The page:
Q: By comparison, the White Sox tribe is composed of much more fair-weather fans, in that when the team doesn't win, the fans don't show up. When they do win, they do show up, as they did in droves in 2005 when the team won the World Series. People insist that the White Sox earn the loyalty of the fans, that it's not the team's by divine right.
A: That's true, although it's also true that the relationship of fan loyalty and win-loss record is only one variable here. The Cubs have had different kinds of ownership over the years. William Wrigley was a serious owner, and the team had considerable success in the '20s and '30s. People forget that even before William Wrigley, in 1906, '07 and '08, the Chicago Cubs were the Yankees. The Cubs dominated baseball as it has rarely been dominated. That was before Wrigley Field, but it's worth bearing in mind that the fortunes of the club have had something to do, over the long haul, with the talent of management.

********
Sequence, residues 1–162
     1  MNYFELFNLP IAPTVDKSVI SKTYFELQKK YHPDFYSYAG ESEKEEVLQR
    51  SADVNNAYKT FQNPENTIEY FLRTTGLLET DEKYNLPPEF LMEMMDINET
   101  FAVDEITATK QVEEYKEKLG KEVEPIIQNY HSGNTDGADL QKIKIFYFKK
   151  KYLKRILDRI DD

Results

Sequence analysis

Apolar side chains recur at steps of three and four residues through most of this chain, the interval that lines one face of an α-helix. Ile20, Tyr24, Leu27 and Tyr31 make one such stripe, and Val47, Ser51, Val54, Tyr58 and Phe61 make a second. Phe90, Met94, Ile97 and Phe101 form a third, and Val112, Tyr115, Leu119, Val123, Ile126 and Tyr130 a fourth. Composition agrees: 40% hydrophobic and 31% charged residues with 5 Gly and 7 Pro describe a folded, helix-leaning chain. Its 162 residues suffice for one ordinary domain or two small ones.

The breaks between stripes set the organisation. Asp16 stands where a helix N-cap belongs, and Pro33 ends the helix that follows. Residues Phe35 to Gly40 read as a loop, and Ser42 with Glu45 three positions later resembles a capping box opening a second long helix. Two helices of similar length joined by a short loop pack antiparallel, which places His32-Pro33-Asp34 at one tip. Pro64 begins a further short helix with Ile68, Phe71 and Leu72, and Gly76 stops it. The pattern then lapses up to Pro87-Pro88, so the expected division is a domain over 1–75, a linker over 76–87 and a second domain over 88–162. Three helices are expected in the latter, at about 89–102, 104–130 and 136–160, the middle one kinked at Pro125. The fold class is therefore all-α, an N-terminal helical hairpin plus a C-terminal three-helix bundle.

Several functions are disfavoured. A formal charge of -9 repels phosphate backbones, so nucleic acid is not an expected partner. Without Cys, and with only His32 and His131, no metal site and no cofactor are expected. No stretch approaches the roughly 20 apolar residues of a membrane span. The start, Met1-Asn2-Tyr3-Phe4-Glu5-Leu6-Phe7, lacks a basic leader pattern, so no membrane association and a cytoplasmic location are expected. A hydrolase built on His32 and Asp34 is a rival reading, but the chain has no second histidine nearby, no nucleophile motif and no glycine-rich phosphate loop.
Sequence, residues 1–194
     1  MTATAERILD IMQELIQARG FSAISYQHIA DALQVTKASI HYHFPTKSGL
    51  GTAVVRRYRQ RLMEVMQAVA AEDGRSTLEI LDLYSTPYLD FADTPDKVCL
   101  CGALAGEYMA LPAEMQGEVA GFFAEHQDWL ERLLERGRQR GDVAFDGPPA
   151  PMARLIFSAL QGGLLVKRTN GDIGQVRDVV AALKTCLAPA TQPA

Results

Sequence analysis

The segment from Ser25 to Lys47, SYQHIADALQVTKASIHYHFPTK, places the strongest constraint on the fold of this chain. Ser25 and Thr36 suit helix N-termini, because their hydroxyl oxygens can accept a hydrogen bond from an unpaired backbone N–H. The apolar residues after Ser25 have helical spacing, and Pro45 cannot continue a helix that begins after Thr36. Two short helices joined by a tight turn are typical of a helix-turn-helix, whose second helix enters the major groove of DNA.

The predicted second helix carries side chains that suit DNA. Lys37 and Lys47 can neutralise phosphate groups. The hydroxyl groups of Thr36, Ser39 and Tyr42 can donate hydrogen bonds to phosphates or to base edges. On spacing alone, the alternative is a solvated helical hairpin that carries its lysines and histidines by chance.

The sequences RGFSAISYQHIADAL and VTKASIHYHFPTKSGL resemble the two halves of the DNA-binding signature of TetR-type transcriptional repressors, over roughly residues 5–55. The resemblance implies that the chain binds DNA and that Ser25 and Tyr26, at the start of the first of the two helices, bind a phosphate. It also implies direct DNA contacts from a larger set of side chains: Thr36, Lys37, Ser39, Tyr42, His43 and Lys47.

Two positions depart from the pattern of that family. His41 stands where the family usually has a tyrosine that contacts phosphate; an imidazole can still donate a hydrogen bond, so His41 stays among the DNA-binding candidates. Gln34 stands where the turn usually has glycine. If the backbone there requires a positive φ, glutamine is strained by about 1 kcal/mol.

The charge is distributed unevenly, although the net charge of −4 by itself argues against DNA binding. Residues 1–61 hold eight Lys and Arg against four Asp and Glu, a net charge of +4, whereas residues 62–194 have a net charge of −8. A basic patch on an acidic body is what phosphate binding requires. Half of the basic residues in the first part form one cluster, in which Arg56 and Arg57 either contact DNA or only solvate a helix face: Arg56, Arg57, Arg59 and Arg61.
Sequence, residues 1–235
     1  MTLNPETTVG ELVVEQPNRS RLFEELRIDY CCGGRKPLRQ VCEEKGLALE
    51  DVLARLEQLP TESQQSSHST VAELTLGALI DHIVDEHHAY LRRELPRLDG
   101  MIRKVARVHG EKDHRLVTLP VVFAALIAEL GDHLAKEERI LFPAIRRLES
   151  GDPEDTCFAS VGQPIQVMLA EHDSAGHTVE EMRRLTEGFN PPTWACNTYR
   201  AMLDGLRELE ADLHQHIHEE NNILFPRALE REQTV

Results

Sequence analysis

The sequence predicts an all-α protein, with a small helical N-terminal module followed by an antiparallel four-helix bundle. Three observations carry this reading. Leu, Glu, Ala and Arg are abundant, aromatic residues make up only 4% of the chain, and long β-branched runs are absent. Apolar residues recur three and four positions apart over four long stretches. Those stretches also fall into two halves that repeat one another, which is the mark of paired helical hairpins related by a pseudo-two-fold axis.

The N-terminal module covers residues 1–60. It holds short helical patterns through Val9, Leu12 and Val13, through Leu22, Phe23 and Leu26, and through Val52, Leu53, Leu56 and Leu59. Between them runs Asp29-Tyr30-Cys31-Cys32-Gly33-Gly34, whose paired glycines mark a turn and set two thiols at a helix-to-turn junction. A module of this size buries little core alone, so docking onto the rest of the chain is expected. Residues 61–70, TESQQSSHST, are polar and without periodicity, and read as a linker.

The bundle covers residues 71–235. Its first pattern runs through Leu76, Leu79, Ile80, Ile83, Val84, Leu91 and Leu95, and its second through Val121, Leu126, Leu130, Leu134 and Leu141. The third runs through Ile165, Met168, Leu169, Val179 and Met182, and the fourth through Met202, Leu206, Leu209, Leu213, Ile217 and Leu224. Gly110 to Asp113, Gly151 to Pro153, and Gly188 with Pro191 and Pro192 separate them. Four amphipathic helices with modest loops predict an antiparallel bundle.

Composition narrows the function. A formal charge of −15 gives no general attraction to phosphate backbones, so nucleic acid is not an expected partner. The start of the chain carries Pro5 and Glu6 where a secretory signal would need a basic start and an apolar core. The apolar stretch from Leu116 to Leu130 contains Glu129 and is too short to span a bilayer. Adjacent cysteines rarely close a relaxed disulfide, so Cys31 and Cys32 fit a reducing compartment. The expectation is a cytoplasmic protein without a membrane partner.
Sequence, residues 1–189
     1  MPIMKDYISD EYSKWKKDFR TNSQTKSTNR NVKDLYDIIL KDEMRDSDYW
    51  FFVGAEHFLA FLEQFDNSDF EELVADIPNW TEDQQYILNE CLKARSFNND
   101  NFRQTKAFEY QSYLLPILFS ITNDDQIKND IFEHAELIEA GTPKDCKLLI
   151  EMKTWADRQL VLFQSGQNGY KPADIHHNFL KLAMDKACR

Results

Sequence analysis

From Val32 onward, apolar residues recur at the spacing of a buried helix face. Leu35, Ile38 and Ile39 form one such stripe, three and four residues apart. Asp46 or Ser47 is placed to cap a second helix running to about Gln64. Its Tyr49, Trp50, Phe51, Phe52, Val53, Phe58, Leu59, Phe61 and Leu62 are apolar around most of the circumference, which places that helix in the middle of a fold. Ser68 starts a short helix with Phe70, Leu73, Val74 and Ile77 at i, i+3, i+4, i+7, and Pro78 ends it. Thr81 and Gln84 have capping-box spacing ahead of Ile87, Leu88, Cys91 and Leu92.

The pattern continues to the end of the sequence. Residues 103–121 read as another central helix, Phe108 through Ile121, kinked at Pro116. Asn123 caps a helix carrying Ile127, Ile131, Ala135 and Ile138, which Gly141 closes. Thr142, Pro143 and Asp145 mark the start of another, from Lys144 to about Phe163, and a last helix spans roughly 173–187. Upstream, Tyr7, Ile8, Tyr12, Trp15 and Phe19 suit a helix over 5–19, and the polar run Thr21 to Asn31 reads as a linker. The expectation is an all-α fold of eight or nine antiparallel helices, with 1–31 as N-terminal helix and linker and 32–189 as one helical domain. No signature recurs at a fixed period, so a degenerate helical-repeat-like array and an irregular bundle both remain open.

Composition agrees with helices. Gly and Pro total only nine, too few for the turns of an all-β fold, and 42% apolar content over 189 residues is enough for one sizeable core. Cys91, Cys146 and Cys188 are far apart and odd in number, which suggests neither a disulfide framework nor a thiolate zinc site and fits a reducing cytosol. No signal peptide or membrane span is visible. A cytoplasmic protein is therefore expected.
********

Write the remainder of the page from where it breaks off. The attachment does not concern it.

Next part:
Q: You make the point in the book, in fact, that the Cubs had a much better winning percentage before Wrigley Field was built than since — which tends to bear out the thesis that as fabulous as Wrigley may be, it hasn't ultimately been a good thing for the team, at least in terms of winning percentage.